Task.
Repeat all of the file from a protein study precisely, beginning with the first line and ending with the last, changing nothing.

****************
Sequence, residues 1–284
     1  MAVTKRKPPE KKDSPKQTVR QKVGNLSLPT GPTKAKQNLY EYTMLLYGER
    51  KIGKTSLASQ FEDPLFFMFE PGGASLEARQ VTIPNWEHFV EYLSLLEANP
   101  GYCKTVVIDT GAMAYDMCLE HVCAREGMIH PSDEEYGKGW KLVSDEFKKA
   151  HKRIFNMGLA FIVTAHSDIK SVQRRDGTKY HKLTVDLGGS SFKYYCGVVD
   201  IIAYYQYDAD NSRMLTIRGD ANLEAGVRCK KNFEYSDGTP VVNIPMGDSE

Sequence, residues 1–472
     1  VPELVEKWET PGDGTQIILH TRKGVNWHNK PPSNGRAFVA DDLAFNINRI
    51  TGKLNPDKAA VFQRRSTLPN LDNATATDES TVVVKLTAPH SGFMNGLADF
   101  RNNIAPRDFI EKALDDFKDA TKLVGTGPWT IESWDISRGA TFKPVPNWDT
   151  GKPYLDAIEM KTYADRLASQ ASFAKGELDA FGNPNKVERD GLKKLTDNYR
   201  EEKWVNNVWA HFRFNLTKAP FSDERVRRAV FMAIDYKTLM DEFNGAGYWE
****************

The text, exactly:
Sequence, residues 1–284
     1  MAVTKRKPPE KKDSPKQTVR QKVGNLSLPT GPTKAKQNLY EYTMLLYGER
    51  KIGKTSLASQ FEDPLFFMFE PGGASLEARQ VTIPNWEHFV EYLSLLEANP
   101  GYCKTVVIDT GAMAYDMCLE HVCAREGMIH PSDEEYGKGW KLVSDEFKKA
   151  HKRIFNMGLA FIVTAHSDIK SVQRRDGTKY HKLTVDLGGS SFKYYCGVVD
   201  IIAYYQYDAD NSRMLTIRGD ANLEAGVRCK KNFEYSDGTP VVNIPMGDSE

Sequence, residues 1–472
     1  VPELVEKWET PGDGTQIILH TRKGVNWHNK PPSNGRAFVA DDLAFNINRI
    51  TGKLNPDKAA VFQRRSTLPN LDNATATDES TVVVKLTAPH SGFMNGLADF
   101  RNNIAPRDFI EKALDDFKDA TKLVGTGPWT IESWDISRGA TFKPVPNWDT
   151  GKPYLDAIEM KTYADRLASQ ASFAKGELDA FGNPNKVERD GLKKLTDNYR
   201  EEKWVNNVWA HFRFNLTKAP FSDERVRRAV FMAIDYKTLM DEFNGAGYWE